Wednesday 18 October 2017

Dónal óg Cusack reveals history of dirty tricks involving sliotars

Dónal Óg Cusack was no stranger to playing tricks with the sliotars in his day. Photo by Seb Daly/Sportsfile
Dónal Óg Cusack was no stranger to playing tricks with the sliotars in his day. Photo by Seb Daly/Sportsfile
Donnchadh Boyle

Donnchadh Boyle

Don't ask Dónal óg Cusack to get into Sliotar-gate. As a Cork man who is part of the Clare backroom team, he finds himself in an awkward position on that one.

The story is parked, he says, and he's not about to breathe new life into it.

"Donal and Gerry have covered that off, I'm not going to go there," Cusack states.

So he won't talk specifics of that case but there mightn't be a better man around to discuss the issue in a more general sense.

Cusack can tell stories about changing sliotars from right throughout his career. He and his Cork team went to extraordinary lengths to make sure the ball in play was the one that suited them the most.

He stresses that they were far from pioneers in that regard. Cusack has heard similar stories from yesteryear but his own memories go back as far to the All-Ireland minor final of 1995.

Croke Park had sent down balls they wanted used but they were different to what Cork had been training with. Cusack wasn't happy.

"There was a bag of balls that were sent down to Cork that we had to use and I think they were called Donnelly or something like that.

"I remember thinking - 'My All-Ireland final, the rims on these are huge'. So I go up to the game, I said, 'No way, I'm going using our own sliotars here'.

"I'm only 18. So, I went down into the goals and a steward from Croke Park was over and said you can't use your own balls. An elderly gentlemen, not very tall.

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"I remember about 15 minutes to go he actually took the balls off me. Whatever was going on. I actually gave them to him, because we were winning by so much … so I gave him the balls.

"I remember telling Jim Troy that night; and Jim says, 'I know that fella well' .. four years later I'm playing the All-Ireland final in 1999. Same thing, we're going to use our own balls. I go down into the net, and the bag has been turned inside out. So I know that I've put my sliotars (into this bag), had red and white on the outside - and now it's inside out.

"And I said to the umpires, 'What's been going on with my sliotars?' They said 'See that fella over there, he came over, he emptied all your balls.' He turned the bag inside out and put them back in. And I looked over, and it was the same man!

"I remember going over and I said to him, 'I ain't a minor now. Don't go near these balls for the rest of the game'."

Cusack reckons he has another hundred stories surrounding changing the game ball. It was important because various balls behaved in very different ways. He says too that he has sat in 'The Sunday Game' studio and watched teams pulling all sorts of stunts to get the ball they wanted in play.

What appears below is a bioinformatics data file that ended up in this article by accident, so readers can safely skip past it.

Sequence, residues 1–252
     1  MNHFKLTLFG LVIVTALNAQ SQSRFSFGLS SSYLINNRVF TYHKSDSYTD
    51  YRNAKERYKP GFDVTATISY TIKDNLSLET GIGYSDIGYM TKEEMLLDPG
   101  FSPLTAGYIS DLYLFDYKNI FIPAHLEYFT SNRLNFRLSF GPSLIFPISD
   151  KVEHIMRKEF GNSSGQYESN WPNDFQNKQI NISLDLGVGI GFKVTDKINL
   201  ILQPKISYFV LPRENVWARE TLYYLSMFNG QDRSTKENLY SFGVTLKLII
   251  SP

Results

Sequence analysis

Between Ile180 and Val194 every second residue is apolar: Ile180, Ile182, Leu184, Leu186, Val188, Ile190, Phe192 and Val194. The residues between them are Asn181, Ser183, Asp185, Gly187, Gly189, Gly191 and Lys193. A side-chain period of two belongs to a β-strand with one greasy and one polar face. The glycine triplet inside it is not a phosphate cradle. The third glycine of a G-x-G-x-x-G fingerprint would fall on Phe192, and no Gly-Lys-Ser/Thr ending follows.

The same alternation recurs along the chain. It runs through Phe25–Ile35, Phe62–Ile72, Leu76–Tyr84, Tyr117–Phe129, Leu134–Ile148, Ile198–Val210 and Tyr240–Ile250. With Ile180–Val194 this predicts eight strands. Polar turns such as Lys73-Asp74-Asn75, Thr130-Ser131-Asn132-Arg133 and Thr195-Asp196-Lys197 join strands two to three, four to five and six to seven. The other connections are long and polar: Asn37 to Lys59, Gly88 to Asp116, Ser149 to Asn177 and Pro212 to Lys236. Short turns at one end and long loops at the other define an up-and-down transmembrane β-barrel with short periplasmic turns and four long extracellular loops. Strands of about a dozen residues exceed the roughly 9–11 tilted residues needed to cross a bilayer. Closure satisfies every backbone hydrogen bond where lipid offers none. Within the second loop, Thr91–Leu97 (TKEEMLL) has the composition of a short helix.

He's not complaining. It's just a fact of life in hurling. And besides, he admits his Cork team had it down to a fine art. In the 2005 Munster final, Tipperary won a penalty. Cusack and Cork had a plan for such situations.

"We practised it, that if there was a penalty given, that what we'd do is that one of us would cause a diversion, give out to the referee, all get around 'bladdy, bladdy blah.' And then another ball, we'd roll it in. The important thing was that it shouldn't be me rolling it into play.

"The other ball would just be struck away. You'd be planning things like that but a thousand times it might never come off.

"But then in the Munster final, ball comes in, Sully (Diarmuid O'Sullivan) gives away a penalty and everyone kicks into gear. The ball that was in use is driven away and the next minute the other ball was rolled in.

I remember looking at Eoin Kelly that day and I says, 'That ball is not going to go as hard as you think it's going to go'. Eoin has said it himself since, that even when he picked it up he just sensed that there was something not right with that ball. But that's the game, that's one instance."

The tricks, however, didn't always come off.

"In the mid 2000s that game of cat and mouse was going on. I remember Paul Codd, we were playing Wexford in an All-Ireland semi-final, and I'd say he nearly drove it (the ball) out over Croke Park. He picked it up, I think it was Paul Codd, and I'm thinking, 'Fair play to you, you are on the ball'.

"Because he picked up the ball and he knew. It actually had Wexford written on it. He knew like."

Change is on the horizon. Croke Park has long acknowledged that a standardised sliotar is required and it is finally set to come into play from next year. In theory, it should end all the tricks.

"If you went around club matches and got ten balls and got the same man striking them. He'd strike them different distances, you'd have balls with big rims and you'd see them wavering in the air because of the shape of the rims.

"I'd fully support standardising the ball because everyone is on the one playing field."

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